Fraudsters strike gold – and firms are the biggest victimsJan 25, 2016
The figure, from business adviser KPMG’s Fraud Barometer, is an increase of 779% on 2014.
The Fraud Barometer, which measures fraud cases with losses of £100,000 or more reaching the UK courts, shows that overall the total value of fraud prosecuted in the region in 2015 fell by 21% to over £380 million but still accounted for over half of all fraud taking place in the UK.
There was a marked increase in the value of frauds being committed by managers and employees, which was up by 153% on 2014 figures. In one case a mother-of-two from Surrey stole £1.75 million from the family business that she worked for as book keeper. Unbeknown to the business when they recruited her she had previously been convicted of benefits fraud and ten counts of fraud against a former employer.
Chris Wheeler, head of forensic for KPMG’s Milton Keynes office said: “The South East remains the UK’s fraud hotspot and financial institutions in particular have been hit hard this year. Fraudsters and criminal gangs see financial institutions as a series of processes that they need to overcome, but once penetrated the rewards can be bountiful.”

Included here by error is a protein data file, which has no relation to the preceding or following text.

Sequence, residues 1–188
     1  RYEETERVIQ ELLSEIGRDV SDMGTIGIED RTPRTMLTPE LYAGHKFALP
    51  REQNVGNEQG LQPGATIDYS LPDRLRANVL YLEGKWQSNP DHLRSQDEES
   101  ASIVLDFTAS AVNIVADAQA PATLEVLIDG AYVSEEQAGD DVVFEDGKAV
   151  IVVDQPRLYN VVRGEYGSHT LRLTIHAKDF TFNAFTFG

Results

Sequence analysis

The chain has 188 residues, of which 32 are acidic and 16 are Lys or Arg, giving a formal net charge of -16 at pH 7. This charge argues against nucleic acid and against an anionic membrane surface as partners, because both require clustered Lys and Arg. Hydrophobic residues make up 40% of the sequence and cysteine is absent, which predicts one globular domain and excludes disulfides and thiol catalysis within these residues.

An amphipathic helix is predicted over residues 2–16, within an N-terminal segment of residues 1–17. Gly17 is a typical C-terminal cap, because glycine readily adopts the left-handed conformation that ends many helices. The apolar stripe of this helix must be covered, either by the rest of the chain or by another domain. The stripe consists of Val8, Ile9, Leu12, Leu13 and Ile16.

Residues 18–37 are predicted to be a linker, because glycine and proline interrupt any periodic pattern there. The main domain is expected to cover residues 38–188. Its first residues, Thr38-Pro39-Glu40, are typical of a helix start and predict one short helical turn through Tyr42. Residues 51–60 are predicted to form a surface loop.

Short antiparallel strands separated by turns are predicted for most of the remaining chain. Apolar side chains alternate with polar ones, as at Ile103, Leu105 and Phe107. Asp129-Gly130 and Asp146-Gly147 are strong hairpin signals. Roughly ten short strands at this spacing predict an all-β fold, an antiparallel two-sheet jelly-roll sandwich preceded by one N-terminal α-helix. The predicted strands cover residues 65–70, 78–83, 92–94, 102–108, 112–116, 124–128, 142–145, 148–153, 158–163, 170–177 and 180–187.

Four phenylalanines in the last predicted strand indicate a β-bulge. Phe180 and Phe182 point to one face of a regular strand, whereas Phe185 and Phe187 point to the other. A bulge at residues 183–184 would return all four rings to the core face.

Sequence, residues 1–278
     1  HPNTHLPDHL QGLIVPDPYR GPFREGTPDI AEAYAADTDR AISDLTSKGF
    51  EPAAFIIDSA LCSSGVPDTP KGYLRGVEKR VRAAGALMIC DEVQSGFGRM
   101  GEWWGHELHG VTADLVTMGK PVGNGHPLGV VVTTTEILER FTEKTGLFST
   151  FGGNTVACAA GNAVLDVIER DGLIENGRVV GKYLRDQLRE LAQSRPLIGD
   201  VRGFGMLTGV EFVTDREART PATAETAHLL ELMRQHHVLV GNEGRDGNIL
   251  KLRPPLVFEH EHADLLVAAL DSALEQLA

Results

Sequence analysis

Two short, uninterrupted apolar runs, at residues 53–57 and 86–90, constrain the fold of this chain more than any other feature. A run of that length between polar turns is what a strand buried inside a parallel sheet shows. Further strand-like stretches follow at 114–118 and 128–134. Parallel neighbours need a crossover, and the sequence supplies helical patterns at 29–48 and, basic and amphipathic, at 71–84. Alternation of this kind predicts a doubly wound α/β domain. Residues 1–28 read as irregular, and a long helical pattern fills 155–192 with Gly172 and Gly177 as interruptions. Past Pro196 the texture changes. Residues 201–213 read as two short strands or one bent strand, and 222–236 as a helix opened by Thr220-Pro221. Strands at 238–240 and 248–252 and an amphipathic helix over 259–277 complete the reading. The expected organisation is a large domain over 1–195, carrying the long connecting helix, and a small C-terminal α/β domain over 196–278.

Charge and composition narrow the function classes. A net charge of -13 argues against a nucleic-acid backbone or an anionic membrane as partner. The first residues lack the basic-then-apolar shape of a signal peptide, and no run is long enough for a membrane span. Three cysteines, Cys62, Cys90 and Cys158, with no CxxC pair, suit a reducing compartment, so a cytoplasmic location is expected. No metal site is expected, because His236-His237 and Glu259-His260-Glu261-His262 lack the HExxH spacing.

Large organisations focus on regulatory efforts to combat financial crime at the front end, such as money laundering. But, Mr Wheeler added, the data shows they remain vulnerable to back office fraud. The importance of employee screening and pre-employment due diligence measures cannot be understated, he said.
Nationally, fraud in the UK reached more than £732 million in 2015. The research shows that the value of fraud prosecuted rose in 2015, up from £717 million in 2014. The average value of fraud per case also increased to £2.4 million in 2015 compared to £2 million in 2014.
A key driver for this rise being two cases which accounted for £253 million of the total fraud recorded in 2015.
Criminals continued to prey on the most vulnerable in society. KPMG’s research revealed a rise in fraudsters targeting those in financial distress, offering a false safety net to dupe victims into surrendering both money and assets.
Businesses and public organisations were also targeted, with fraudsters falsifying their financial position to extract funds or entice funding investment, leading to losses of £176 million, a tenfold increase on 2014.
In one case, an online dating fraudster from Luton was jailed for five years by after she fleeced wealthy men for almost £500,000 and left them heartbroken. The 32-year-old set up profiles on SugarDaddies.com and Match.com to con her five victims out of large sums of cash after claiming she could repay their loans with interest.
She persuaded her suitors to transfer money to her over a two-year period by insisting she needed the money for her property investments.